Skipping Breakfast—Is It Bad for Your Health?

Skipping Breakfast—Is It Bad for Your Health?

If you take an unofficial poll of your family, friends, and coworkers about whether or not they eat breakfast in the morning, you may find that most of them don’t eat breakfast (and if they do eat breakfast, it’s hardly a healthy one).

What about you? Is eating breakfast a part of your morning routine? If it’s not, you’re certainly not alone.  In fact, the 2002 National Health and Nutrition Examination Survey showed that 18 percent of adults skip breakfast while a whopping 86 percent of adults snack.

As you know, nutrition plays an important role in your health. And some studies report that skipping breakfast is associated with poor cardiovascular factors (such as insulin sensitivity, diabetes, obesity, and hypertension).

Looking further at the effects of eating habits on heart health, a prospective cohort study evaluated the eating habits of men. The researchers found a 27 percent increased risk of coronary heart disease (CHD) among men who didn’t eat breakfast compared with those who ate breakfast; they also found that men who ate late-night meals had a 55 percent increased risk of CHD compared with men who did not eat late at night. This study concluded that eating breakfast is associated with lowering the risk of CHD in men—in other words it showed a troubling correlation, but that doesn’t mean that skipping breakfast causes CHD.

To Eat or Not To Eat

A lot of emphasis has been placed on breakfast because, well, it is important. Eating a healthy meal in the morning helps to jump-start your day. You’ll feel energized and focused. Also, starting your day off with a good meal will reduce the likelihood that you’ll eat sugary snacks and a heavy lunch later on to offset a low-energy morning.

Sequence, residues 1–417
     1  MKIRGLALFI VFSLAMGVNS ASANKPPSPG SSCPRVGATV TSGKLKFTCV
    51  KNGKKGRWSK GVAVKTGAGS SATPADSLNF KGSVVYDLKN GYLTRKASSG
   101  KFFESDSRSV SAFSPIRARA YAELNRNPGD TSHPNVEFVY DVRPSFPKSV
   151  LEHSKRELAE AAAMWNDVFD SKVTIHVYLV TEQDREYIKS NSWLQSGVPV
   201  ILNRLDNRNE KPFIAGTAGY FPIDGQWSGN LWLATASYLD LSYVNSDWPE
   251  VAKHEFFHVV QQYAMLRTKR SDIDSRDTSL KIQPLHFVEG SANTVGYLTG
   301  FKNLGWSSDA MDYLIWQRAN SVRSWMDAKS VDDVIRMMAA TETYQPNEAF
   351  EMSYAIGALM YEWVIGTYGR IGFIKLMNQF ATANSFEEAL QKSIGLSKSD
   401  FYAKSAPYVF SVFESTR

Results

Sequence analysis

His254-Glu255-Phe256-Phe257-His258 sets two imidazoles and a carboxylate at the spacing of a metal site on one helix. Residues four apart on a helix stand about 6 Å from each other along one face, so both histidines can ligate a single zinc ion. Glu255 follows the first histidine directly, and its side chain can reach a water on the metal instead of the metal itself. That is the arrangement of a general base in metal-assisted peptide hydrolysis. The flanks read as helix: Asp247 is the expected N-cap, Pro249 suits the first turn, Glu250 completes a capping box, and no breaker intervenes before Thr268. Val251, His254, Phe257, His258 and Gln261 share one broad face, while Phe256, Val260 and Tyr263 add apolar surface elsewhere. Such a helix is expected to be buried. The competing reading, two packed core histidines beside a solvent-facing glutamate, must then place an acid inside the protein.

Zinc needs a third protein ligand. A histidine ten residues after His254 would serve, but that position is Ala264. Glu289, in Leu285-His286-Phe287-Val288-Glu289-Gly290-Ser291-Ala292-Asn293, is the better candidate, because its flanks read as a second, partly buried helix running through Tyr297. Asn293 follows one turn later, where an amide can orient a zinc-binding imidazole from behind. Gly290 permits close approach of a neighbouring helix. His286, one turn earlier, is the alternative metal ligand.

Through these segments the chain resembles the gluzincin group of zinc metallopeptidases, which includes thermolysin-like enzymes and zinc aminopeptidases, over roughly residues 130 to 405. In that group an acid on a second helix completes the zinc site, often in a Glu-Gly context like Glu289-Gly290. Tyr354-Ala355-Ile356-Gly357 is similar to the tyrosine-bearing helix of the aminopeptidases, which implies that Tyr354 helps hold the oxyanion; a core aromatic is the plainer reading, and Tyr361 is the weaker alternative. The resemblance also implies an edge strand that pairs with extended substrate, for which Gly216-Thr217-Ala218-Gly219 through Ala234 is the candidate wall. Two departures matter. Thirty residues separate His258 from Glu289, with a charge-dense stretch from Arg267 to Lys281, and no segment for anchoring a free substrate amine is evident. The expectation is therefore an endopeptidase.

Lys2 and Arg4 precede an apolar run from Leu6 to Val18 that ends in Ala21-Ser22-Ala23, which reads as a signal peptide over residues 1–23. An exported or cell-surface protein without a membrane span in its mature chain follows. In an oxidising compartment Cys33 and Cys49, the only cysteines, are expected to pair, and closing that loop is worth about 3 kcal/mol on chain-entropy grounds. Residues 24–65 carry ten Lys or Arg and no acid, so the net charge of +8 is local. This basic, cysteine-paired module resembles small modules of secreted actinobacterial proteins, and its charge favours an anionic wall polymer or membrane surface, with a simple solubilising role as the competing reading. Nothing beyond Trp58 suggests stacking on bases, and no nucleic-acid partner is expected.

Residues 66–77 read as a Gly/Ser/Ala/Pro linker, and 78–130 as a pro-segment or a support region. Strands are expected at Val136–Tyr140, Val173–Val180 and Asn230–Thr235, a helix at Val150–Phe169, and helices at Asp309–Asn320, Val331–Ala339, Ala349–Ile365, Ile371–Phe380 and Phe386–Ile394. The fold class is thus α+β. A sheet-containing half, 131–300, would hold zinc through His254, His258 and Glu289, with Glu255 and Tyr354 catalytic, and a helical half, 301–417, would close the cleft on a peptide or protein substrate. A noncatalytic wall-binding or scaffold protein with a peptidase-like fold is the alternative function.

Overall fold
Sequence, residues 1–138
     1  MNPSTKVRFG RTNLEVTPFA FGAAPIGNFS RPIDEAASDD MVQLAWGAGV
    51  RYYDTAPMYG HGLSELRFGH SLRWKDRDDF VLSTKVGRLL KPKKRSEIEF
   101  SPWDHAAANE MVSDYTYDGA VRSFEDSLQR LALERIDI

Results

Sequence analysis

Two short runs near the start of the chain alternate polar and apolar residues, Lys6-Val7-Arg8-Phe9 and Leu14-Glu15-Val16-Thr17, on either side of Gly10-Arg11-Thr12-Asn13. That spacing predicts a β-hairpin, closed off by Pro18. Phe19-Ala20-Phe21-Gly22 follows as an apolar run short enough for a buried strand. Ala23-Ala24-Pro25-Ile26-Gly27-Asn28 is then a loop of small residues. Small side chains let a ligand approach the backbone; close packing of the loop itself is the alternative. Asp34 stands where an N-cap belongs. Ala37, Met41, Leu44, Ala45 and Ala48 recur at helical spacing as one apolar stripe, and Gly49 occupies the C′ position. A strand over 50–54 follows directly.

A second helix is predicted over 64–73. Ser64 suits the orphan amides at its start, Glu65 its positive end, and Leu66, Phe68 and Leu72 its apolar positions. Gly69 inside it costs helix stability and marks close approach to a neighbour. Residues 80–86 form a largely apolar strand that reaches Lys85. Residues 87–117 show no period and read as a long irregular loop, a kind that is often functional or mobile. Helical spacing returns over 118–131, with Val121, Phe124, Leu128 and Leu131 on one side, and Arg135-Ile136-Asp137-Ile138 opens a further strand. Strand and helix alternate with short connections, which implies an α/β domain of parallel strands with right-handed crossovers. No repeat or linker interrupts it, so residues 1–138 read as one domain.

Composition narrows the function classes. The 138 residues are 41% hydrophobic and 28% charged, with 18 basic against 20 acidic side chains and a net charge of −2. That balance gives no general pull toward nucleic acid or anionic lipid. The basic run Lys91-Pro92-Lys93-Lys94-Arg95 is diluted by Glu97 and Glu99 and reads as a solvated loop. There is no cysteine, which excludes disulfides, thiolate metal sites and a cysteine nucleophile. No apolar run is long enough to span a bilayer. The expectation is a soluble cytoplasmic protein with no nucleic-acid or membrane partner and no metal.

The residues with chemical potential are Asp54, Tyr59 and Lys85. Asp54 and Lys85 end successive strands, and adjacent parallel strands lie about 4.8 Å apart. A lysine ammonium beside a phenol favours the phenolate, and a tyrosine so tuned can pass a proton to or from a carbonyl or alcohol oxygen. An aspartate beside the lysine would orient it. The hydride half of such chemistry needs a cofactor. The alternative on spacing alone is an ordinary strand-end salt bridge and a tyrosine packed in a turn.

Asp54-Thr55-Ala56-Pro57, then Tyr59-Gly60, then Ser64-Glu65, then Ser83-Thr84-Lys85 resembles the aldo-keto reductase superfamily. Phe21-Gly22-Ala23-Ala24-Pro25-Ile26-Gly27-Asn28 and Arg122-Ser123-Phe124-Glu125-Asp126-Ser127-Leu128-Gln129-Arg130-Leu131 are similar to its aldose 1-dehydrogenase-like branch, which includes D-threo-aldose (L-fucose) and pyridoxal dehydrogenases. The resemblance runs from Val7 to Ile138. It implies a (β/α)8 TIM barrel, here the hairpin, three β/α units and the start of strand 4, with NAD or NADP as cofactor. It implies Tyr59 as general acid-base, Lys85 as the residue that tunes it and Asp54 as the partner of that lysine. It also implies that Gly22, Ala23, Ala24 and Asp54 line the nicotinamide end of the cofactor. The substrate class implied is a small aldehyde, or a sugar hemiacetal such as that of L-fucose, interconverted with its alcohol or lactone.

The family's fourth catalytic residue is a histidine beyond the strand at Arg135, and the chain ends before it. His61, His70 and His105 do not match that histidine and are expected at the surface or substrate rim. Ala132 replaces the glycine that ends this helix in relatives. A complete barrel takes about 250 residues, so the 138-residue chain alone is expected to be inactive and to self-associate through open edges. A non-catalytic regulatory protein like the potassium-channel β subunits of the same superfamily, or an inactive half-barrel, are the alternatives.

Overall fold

Breakfast tip: Stay away from on-the-go cereal bars and sugary pastries. Opt for oatmeal because it’s packed with fiber, and top it with a healthy serving of proteins and complex carbohydrates, like walnuts and fruit. This will keep you sated and help regulate your blood sugar levels, so you don’t feel cranky, hungry, and tired.

Your health is complex, which makes it difficult to attribute one habit (like skipping breakfast) to developing heart disease. Other factors, such as a lack of physical activity, stress, and a poor diet can contribute to heart disease, too. But I suggest that you don’t skip breakfast, because it helps fuel your body with the nutrients that it needs. Follow a routine that works for you and make sure that it includes eating healthy fats, proteins, and carbs.

References: 
Kant AK, Graubard BI. Secular trends in patterns of self-reported food consumption of adult Americans: NHANES 1971-1975 to NHANES 1999–2002. The American Journal of Clinical Nutrition. 2006;84(5):1215-1223.
Cahill LE, Chiuve SE, Mekary RA, et al. Prospective Study of Breakfast Eating and Incident Coronary Heart Disease in a Cohort of Male US Health Professionals. Circulation. July 23, 2013 2013;128(4):337-343.
2015-07-21T18:27:29+00:00 By |